But that didn't happen. Brad was shot and killed April 27th during what police call a gun transaction gone bad and Diane speculates that's the reason his diploma was taken away, not what she was told. School Board President Nancy Kalchbrenner says, "There had been discussions all week."

But in a 4 to 3 vote, school board members reversed the administration's decision, allowing Bradley to still be listed with his class at graduation, provided his grades would let him graduate. Diane says, "The only thing this diploma is going to do is hopefully give not only us but also the kids at Auburn school some closure."

Diane says Bradley had a 2.0 grade point average when he died, but Kalchbrenner says all that still needs to be worked out. If his GPA is lower, the Berogans will get an 'in memoriam' diploma instead.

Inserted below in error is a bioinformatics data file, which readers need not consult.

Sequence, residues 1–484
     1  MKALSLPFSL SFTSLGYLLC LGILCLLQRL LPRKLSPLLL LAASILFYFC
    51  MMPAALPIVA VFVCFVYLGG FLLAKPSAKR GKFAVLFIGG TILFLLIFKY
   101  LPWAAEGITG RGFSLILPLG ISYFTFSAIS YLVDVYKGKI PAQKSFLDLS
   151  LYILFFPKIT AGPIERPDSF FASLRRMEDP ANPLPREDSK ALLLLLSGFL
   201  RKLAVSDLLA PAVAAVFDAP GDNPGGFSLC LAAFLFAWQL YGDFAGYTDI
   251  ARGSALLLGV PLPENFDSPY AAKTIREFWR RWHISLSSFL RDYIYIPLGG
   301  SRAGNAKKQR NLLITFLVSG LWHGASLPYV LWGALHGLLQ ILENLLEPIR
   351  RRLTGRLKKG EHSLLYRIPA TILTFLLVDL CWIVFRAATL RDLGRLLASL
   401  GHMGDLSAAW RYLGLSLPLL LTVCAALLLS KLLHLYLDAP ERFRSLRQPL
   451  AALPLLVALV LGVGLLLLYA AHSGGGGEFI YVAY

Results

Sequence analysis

Updated: May 25, 2007, 6:40 pm

Protestors Picket Outside School Board Meeting
By Dani Maxwell
13 News

A large group upset with the Rockford School District protests at the board meeting. They think an Auburn High School senior who was murdered in April should get his diploma.

Bradley Berogan's family says he had passing grades. The school board agreed he could get his diploma if that was the case. But the family claims Superintendent Dennis Thompson told Bradley's teachers to give him grades for the assignments he missed after he died. Brad's mom Diane says, "It should be the grades at the time of his death, not all the zeroes they gave him after his death."

Dr. Thompson gave Bradley an "honorary diploma." His mom appealed, but Tuesday night the school board voted to uphold Thompson's decision.

Updated: June 12, 2007, 7:39 pm

From Channel 23


Family Wants Dead Son's Diploma
Posted: 10:34 PM May 25, 2007
Last Updated: 10:34 PM May 25, 2007